“Reading through borders”

A new publication from CEU Press, Times of Mobility: Transnational Literature and Gender in Translation brings together feminist scholars in a new, interdisciplinary critical approach to national, cultural and language boundaries. Edited by Jasmina Lukic, Sibelan Forrester and Borbala Farago, the volume is a first in a series of books to explore issues of transnational literature and feminism. We asked Jasmina Lukic, Professor of Gender Studies at CEU, about the exciting concept of transnational literature in our world of diverse identities and constant mobility.

One main topic of the volume is transnational literature that aims to rethink the concept of European literature, giving it a gender perspective. Why is it important to give literature a larger framework beyond the borders of nation states?

Jasmina Lukic: With the transnational turn the concept of national literature, as well as the concept of the nation state, has clearly shown its limitations. The division into national literatures is predominant, but is not the only way to organize the field of literary studies. “European literature” cannot be simply translated into a sum of national literatures and its representatives; a more complex approach is needed which can help us address huge and crucially relevant production that does not fit any national borders, be it geographic, linguistic or symbolic. The transnational perspective offers such an approach. It offers a new explanatory framework to address a dynamic and complex phenomena related to shared experiences of living together within and beyond the borders of what is seen as “Europe” (and I am intentionally not equating it with the “European Union” here). At the same time, it can help us problematize various assumptions behind any presumed “European identity”, and to critically investigate the specificities and limitations of the concept of European literature in relation to other corresponding concepts, like national literature on the one hand and world literature on the other.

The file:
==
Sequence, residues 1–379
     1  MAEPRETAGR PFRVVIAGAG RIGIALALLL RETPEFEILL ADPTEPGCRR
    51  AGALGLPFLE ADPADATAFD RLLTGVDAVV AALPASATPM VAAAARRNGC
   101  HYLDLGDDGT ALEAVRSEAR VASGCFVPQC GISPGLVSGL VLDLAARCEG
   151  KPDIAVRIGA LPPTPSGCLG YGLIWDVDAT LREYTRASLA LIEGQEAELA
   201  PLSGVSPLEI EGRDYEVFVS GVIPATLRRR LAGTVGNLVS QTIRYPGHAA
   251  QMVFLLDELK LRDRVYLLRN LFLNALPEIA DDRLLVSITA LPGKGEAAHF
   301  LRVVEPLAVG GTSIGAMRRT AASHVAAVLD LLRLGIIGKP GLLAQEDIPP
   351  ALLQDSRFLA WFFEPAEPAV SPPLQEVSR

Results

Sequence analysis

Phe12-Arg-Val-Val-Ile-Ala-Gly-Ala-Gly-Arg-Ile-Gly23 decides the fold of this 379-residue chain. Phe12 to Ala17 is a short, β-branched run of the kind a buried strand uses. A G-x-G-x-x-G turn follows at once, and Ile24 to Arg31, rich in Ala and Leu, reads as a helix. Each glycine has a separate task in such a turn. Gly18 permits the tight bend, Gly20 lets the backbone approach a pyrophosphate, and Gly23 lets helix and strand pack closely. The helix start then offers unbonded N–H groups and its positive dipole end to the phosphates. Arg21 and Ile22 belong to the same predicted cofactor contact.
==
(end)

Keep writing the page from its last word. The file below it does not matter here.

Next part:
What does ‘transnational literature’ exactly mean and how do you apply it in a European geographical area?

Jasmina Lukic: Transnational literature addresses complex questions of literary production in a globalized world. It does not deny the existence of national literatures, but challenges their inherent logic, and sets a different perspective in which literary texts can be seen. The transnational perspective brings into focus specific problems of cultural production that goes beyond all kinds of boundaries set by institutions that create canons and define principles of inclusion and exclusion on various levels. It is a term that can help us interpret the fast growing body of writings by those who do not belong, or, as Azade Seyhan puts it, those who live “in between” languages and cultures. There are different approaches to transnationalism in literature, but this quality of transgression is an essential one.

What makes transnational literature so timely in the postmodern world of increased mobility and global migration?